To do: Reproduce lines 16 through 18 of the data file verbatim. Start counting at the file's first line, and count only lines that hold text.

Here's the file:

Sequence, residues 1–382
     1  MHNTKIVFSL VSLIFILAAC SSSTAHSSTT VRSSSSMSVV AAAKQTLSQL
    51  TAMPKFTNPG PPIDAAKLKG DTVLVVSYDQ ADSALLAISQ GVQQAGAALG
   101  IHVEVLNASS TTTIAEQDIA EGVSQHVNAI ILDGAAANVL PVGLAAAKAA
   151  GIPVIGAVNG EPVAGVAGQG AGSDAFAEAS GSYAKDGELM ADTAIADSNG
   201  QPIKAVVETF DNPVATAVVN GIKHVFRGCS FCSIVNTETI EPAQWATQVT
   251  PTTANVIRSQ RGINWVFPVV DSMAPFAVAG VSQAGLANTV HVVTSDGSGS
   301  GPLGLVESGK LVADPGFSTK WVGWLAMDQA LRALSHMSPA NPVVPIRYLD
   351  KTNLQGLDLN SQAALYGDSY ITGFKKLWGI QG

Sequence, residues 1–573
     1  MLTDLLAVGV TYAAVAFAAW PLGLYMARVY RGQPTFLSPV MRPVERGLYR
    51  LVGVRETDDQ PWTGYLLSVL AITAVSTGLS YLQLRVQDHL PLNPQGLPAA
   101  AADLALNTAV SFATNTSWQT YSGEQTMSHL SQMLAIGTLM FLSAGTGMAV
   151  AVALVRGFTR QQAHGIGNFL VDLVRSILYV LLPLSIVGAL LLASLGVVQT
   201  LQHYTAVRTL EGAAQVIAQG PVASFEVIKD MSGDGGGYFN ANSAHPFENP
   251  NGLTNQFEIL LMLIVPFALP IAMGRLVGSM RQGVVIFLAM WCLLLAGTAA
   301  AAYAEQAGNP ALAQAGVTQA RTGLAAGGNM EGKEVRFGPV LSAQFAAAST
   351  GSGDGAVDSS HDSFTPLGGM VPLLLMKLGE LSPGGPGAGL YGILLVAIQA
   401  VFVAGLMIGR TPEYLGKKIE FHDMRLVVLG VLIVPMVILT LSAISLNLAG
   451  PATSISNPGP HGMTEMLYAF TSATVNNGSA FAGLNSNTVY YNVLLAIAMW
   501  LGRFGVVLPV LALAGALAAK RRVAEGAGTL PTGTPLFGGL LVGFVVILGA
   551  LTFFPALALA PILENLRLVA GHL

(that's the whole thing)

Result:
   251  NGLTNQFEIL LMLIVPFALP IAMGRLVGSM RQGVVIFLAM WCLLLAGTAA
   301  AAYAEQAGNP ALAQAGVTQA RTGLAAGGNM EGKEVRFGPV LSAQFAAAST
   351  GSGDGAVDSS HDSFTPLGGM VPLLLMKLGE LSPGGPGAGL YGILLVAIQA